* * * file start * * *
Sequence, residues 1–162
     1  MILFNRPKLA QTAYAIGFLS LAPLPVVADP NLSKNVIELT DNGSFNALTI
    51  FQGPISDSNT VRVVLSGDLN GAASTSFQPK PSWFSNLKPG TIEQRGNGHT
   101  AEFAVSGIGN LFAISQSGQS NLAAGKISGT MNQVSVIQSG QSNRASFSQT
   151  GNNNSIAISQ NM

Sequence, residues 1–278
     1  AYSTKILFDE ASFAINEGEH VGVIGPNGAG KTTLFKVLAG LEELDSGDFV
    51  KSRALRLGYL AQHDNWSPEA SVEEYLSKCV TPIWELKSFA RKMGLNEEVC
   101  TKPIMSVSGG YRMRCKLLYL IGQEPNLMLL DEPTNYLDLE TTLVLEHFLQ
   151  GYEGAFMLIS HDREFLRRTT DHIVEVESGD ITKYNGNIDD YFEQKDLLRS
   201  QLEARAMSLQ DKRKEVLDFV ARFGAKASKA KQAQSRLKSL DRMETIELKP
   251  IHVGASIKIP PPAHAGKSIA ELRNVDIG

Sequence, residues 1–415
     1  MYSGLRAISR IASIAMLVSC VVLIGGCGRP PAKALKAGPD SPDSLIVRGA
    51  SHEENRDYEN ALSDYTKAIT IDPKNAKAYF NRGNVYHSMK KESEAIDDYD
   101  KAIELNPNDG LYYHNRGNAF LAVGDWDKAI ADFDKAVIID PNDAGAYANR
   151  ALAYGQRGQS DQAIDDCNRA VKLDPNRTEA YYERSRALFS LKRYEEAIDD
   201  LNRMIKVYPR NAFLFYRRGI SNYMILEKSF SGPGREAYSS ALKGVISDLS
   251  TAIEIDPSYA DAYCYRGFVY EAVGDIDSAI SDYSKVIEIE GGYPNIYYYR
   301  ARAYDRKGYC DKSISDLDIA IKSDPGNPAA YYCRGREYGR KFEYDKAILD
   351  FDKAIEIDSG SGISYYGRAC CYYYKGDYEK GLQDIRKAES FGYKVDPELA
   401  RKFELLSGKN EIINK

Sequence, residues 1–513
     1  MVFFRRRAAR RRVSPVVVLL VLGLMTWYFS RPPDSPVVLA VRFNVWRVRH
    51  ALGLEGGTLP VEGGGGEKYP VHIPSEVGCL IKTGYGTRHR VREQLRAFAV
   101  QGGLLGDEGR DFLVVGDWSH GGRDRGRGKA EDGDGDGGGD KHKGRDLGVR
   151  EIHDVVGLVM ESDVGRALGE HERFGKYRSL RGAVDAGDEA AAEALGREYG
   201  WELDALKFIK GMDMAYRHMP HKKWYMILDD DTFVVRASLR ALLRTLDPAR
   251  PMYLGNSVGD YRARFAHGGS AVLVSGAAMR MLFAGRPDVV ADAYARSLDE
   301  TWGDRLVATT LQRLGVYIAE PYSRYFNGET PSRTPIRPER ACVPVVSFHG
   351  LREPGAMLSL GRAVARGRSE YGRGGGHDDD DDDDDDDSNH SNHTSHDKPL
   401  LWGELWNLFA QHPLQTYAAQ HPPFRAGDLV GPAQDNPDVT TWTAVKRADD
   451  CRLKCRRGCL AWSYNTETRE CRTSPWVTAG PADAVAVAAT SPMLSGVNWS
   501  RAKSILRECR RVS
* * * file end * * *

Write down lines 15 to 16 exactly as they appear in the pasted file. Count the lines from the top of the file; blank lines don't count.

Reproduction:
    51  SHEENRDYEN ALSDYTKAIT IDPKNAKAYF NRGNVYHSMK KESEAIDDYD
   101  KAIELNPNDG LYYHNRGNAF LAVGDWDKAI ADFDKAVIID PNDAGAYANR